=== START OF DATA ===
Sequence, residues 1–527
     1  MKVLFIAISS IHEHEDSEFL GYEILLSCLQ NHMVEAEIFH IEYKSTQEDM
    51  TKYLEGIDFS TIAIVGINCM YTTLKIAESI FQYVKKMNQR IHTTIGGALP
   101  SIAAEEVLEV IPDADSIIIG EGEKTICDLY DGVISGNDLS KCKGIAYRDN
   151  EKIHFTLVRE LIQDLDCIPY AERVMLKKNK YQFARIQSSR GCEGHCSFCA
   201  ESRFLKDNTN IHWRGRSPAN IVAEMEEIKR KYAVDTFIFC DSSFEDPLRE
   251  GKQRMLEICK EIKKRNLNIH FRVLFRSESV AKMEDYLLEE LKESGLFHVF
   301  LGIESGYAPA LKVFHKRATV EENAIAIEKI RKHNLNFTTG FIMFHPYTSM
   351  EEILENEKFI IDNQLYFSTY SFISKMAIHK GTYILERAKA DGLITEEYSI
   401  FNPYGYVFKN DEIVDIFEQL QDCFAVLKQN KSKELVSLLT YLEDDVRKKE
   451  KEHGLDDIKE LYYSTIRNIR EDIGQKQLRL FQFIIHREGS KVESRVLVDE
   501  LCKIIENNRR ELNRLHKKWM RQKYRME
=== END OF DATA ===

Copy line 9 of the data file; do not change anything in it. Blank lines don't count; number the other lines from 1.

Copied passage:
   351  EEILENEKFI IDNQLYFSTY SFISKMAIHK GTYILERAKA DGLITEEYSI